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      email: tony@lathes.co.uk
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      Hobart Bros. Lathe

      Manufactured by Hobart Bros. of Troy, Ohio, U.S.A., this 3.93 inch centre height lathe admitted around 20 inches between centres and was intended as special-purpose machine to turn the copper commutators from electric generators and motors - and possibly for coil winding as well. The possibility of a coil-winding function is partially confirmed by the lathe's slow-speed drive (also necessary to avoid breaking the mica separators) and the red paint finish -  a colour widely used for accessories employed in US automotive repair shops. Hobart are still in business (2011) manufacturing mostly electrical items such as welders and kitchen aid appliances - although the company is now owned by a large Corporation.
      Heavily built for its relatively light-duty work - it weighed 171 lbs - it is likely to have been manufactured from the 1920s to the late 1940s and was of simple construction, with a small gap in the flat-topped bed and a hand-driven carriage connected to the leadscrew by a "fixed nut" with a handle at the tailstock end. Only a simple cross slide (with 2.69" of travel and a T-slot to mount a toolpost) was provided, with no way of mounting a swivelling top slide. To reduce the spindle speed, a drive shaft was arranged to pass over the headstock (it was carried in plain-bushed bosses above each bearing) with its end  carrying a small gear that meshed with a larger one on the headstock spindle. Although the base unit and motor support are now painted grey, underneath is the same original maker's red paint finish present on the lathe together with a Hobart Bros. name tag - conclusively demonstrating that both units do indeed (as the design of the headstock casting would also confirm) belong together.
      Drive came from a special motor contemporary to those times - a 1-phase, 1.5 h.p. 3500 r.p.m. repulsion-start type with a commutator and a matching flat-radial 4-brush set-up on the end plate. By rotating the plate (a ball-tipped lever was provided to move it) the motor's speed could be altered or reversed . In reality these motors were really only partially variable-speed, the torque dropping off badly at lower r.p.m. In order to provide a reliable, industrial-standard drive, the lathe was mounted on a massive cast-iron combined baseplate-cum-motor-mount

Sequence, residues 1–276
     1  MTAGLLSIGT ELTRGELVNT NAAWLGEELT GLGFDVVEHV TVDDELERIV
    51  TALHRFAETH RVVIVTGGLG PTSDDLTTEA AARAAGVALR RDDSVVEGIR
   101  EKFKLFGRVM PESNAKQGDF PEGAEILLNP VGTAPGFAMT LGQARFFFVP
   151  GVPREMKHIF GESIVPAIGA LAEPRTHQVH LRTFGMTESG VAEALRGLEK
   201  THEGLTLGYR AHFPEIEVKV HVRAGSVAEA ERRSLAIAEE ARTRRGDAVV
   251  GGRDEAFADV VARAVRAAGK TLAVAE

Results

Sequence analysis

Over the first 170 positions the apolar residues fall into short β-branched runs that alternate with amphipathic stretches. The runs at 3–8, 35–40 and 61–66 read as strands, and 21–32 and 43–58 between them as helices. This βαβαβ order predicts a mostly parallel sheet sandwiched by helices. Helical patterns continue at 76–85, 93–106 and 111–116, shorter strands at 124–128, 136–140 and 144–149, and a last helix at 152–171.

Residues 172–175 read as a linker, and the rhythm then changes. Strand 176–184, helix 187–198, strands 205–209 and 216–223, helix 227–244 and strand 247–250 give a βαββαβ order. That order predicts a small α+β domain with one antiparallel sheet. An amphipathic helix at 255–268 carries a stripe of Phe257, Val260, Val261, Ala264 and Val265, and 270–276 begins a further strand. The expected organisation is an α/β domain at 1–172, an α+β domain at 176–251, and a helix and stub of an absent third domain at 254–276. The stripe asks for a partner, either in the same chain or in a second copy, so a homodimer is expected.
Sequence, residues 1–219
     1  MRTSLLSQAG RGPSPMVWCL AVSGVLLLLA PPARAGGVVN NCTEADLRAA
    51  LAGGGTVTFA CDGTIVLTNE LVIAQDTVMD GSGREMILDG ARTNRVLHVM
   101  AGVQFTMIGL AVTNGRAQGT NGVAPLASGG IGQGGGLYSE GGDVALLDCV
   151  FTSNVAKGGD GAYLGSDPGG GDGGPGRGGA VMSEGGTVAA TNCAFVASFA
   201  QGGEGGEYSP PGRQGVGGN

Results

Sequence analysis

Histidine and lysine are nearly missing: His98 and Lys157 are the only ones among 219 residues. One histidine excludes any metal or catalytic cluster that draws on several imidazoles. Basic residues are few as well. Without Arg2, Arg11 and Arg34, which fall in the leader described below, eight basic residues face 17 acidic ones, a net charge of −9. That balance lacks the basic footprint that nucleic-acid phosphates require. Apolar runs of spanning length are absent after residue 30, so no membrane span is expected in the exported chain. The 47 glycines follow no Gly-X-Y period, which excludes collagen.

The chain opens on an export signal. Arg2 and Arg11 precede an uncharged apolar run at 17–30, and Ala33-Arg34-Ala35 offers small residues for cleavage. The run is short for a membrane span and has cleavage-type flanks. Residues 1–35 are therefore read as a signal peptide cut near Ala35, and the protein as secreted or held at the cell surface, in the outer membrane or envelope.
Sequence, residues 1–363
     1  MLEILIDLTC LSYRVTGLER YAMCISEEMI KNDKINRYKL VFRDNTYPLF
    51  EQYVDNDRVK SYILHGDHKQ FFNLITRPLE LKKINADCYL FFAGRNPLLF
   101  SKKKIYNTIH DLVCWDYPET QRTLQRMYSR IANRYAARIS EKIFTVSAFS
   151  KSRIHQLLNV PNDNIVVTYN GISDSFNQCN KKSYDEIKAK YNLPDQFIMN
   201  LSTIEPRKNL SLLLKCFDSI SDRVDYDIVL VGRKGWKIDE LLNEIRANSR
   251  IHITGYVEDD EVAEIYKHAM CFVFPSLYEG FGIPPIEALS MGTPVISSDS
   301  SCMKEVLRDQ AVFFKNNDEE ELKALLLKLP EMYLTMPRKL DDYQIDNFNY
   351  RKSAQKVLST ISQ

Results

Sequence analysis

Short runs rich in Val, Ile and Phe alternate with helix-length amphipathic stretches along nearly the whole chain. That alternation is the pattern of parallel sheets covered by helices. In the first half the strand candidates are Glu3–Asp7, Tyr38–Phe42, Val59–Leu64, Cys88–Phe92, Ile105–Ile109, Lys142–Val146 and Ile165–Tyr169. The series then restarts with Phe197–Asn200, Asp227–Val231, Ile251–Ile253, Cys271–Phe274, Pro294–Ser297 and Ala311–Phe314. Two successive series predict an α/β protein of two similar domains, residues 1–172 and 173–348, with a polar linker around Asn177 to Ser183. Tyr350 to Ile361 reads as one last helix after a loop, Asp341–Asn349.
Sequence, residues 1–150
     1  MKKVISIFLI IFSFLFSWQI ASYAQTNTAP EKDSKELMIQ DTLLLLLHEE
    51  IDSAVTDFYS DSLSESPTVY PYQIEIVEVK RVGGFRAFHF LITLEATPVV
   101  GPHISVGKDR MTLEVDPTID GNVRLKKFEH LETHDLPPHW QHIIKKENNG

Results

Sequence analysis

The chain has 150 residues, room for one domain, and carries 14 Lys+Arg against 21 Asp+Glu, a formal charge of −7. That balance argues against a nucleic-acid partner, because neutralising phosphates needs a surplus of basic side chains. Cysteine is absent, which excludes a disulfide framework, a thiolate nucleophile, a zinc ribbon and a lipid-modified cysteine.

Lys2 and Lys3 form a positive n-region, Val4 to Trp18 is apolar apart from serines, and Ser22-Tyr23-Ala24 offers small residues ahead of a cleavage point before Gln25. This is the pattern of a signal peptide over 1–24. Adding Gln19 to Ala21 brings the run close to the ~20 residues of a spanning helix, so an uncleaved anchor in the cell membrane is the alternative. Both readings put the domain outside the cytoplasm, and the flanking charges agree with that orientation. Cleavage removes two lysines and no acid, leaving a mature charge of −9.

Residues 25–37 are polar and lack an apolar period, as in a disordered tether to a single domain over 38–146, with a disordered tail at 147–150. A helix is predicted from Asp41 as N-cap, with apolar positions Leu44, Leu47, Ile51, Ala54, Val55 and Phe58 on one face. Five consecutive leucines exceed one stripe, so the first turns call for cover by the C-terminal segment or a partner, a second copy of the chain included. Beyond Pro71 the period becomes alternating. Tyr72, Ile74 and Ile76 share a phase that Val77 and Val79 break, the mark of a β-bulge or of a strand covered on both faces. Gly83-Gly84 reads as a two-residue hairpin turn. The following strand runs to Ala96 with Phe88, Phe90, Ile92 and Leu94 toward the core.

Missing from the lathe illustrated below is the essential "mica under-cutter", a device used to cut back the mica separator plates between the copper segments and also to clean up the slot edges and clear out any chips that might otherwise have caused a short circuit..

      A massive baseplate-cum-motor mount carrying a relatively light plain-turning lathe

      Direct motor drive by gearing; flat-topped bed and simple cross slide

      Can any reader suggest what use the fixed degree-dial have had - especially without a pointer?

      A tray at the rear provided tool and job storage - though originally its purpose - witness the two holes in the outer section of the webs and the three distinct compartments - may have played a part in the machine's functionality.

      A Hobart set up with a modified drive system

      email: tony@lathes.co.uk
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      Hobart Bros. Lathe
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